FIG. 5 shows the same view as in FIG. 4, but the top sheet of medium 371 is still at media input location 372, and a contact image sensor linear photosensor array 230 is positioned parallel to and over the top sheet of medium 371. A light source 360, such as an LED, emits light into a light distributing bar 232, positioned adjacent to the contact image sensor linear photosensor array 230 and also adjacent to the top sheet of medium 371. Although the word “light” is used herein, the term is not meant to exclude wavelengths outside the visible spectrum. In some contemplated embodiments, infrared illumination is used, for example. The photosensors in the photosensor array must be sensitive to the wavelength of light coming from the recording medium. For embodiments where light source 360 is an infrared light source, an infrared photosensor array would be used. The contact image sensor linear photosensor array 230 is also associated with one or more lenses (not shown), that focus light from the top sheet of medium 371 onto adjacent photosensor sites in the array. The arrows in FIG. 5 represent a first section of the optical path in which the light emitted from light source 360 travels along light distributing bar 232 in order to illuminate an extended linear region of the top sheet of medium 371 at the media input location 372. Light distributing bar 232 is preferably at least as long as contact image sensor linear photosensor array 230 in order to provide uniform illumination to the region of top sheet of medium 371 that is adjacent the photosensor array. More generally, the light distributor can be a body that is not bar-shaped, but a bar shape is typical for illuminating a linear photosensor array.

In the embodiment shown in FIG. 5, the contact image sensor linear photosensor array 230 and light distributing bar 232 are aligned along the paper load entry direction 302 so that sheets of recording medium are advanced from media input location 372. However, in other embodiments, the contact image sensor linear photosensor array 230 and light distributing bar 232 can be aligned along the carriage scan direction (into and out of the plane of FIG. 5), or at other orientations parallel to the plane of the top sheet of medium 371.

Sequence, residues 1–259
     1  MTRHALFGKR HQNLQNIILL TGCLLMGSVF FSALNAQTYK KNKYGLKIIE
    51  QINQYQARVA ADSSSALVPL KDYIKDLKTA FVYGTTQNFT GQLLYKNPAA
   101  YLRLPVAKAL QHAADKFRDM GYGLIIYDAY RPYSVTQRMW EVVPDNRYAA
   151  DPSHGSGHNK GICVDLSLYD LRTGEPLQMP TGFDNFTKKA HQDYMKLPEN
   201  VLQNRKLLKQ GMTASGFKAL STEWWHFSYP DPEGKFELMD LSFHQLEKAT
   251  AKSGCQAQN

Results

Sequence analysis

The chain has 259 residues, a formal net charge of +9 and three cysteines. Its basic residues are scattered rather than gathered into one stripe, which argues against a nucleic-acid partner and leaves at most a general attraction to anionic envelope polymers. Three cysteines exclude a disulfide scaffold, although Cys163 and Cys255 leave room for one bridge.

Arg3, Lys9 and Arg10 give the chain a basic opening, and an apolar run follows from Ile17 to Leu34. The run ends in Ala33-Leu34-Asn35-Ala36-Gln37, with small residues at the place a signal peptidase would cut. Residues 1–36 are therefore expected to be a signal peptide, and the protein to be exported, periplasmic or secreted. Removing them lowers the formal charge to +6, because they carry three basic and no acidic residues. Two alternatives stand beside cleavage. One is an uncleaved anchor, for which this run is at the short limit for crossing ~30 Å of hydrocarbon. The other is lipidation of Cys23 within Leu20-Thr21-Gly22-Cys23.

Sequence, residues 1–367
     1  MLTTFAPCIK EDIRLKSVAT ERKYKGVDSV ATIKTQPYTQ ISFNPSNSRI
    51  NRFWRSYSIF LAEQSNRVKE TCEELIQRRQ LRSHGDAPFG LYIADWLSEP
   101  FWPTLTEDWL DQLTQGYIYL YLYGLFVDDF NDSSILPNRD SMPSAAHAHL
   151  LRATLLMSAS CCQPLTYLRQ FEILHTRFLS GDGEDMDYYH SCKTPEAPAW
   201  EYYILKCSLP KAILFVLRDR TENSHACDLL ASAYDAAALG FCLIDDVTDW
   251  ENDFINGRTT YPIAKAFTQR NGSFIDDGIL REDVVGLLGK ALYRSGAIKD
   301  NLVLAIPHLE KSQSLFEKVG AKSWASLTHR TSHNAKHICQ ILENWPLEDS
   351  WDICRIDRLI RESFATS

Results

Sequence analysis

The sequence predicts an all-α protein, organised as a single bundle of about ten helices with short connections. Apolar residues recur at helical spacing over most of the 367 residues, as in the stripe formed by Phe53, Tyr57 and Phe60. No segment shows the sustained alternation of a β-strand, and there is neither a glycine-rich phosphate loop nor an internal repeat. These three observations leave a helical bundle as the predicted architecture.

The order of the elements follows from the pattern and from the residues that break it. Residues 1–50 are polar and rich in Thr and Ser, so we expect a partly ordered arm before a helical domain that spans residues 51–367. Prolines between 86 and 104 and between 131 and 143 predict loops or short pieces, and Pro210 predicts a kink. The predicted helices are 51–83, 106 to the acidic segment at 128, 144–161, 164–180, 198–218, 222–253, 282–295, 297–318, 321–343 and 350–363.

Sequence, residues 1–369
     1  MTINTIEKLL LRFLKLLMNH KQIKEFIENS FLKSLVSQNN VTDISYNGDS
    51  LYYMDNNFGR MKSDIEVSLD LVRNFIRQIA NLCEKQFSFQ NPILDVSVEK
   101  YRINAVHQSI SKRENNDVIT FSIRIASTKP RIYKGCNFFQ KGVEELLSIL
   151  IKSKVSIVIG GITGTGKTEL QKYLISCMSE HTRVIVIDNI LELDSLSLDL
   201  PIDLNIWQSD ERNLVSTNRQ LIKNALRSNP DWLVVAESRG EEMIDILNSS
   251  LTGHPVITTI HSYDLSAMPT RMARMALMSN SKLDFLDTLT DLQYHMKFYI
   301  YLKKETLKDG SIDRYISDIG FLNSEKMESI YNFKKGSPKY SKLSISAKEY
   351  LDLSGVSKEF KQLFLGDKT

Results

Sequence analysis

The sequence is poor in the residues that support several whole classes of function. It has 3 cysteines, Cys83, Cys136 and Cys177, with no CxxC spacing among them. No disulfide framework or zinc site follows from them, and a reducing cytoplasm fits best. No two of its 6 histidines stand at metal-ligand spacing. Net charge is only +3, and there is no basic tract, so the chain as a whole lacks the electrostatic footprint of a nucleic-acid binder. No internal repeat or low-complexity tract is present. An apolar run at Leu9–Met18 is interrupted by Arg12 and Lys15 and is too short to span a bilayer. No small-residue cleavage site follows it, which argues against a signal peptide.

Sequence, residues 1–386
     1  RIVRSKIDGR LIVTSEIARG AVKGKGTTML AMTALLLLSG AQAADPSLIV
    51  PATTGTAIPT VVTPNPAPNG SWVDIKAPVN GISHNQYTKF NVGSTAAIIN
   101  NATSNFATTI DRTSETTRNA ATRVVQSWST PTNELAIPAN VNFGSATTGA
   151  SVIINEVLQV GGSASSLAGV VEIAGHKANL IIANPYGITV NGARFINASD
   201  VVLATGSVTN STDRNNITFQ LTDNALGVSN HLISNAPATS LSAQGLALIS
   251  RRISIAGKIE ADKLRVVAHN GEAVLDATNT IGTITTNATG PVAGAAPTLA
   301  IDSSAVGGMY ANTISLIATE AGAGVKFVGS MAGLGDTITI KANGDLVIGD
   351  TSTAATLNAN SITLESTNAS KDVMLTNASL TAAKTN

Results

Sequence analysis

FIGS. 6 a and 6 b show schematic representation of marking patterns on the backside of a first type of recording medium 221 and a second type of recording medium 222 respectively. In this embodiment, the marking pattern of each of the various types of recording media has a reference marking consisting of a pair of “anchor bars” 225 and 226 (first and second, respectively), which are located at a fixed distance with respect to one another for all media types. In addition, there is a first identification mark 228 on the first type of recording medium 221 in FIG. 6 a, and there are second identification marks 229 on the second type of recording medium 222 in FIG. 6 b. In this example, first identification marks 228 is spaced a distance s1 away from second anchor bar of anchor bar pairs 226 on first type of recording medium 221, and second identification marks 229 is spaced a distance s2 away from second anchor bar of anchor bar pairs 226 on second media type 222, such that s1 does not equal s2. Thus in this example, it is the spacing of the identification mark from one of the anchor bars that identifies the particular type of recording medium. The marking pattern is repeated several times on the backside of the recording medium. The marking pattern is oriented at a predetermined angle with respect to the sides of the recording medium, and the recording medium is oriented at the media input location with a side parallel to the paper load entry direction 302 that sheets of recording medium are advanced from media input location 372.

The top view of FIG. 6 a shows linear photosensor array 230 and light distributing bar 232 extending along paper load entry direction 302. Linear photosensor array 230 extends across two sets of anchor bars 225 and 226 (first and second, respectively) and two sets of first identification marks 228 on first type of recording medium 221. It is necessary for the linear photosensor array to extend a length L that is at least long enough to extend across one marking pattern, and it can be advantageous, if the linear photosensor array is long enough to extend across more than one marking pattern, in order to be sure that the sensor array extends fully across a single marking pattern. Thus, a preferred range for the array length is 5 mm<L<75 mm, and a more preferred range is 20 mm<L<60 mm.

FIG. 7 a is similar to FIG. 6 a, but in FIG. 7 a the linear photosensor array 230 extends along carriage scan direction 305, i.e. substantially perpendicular to paper load entry direction 302. In FIG. 7 a, the linear photosensor array 230 is shown as if it were transparent, so that it can be seen how the location of the anchor bars 225 and 226 (first and second, respectively) and the first identification marks 228 correspond to different sites of the linear photosensor array. The light source and the light distributing bar are omitted in FIG. 7 a for clarity. Also for clarity in FIG. 7 a, the sites along the linear photosensor array are shown at a much coarser resolution than for an actual contact image sensor array. In a typical linear photosensor array 230, the photosensors can be spaced at a resolution ranging from 200 per inch to 1200 per inch, for example.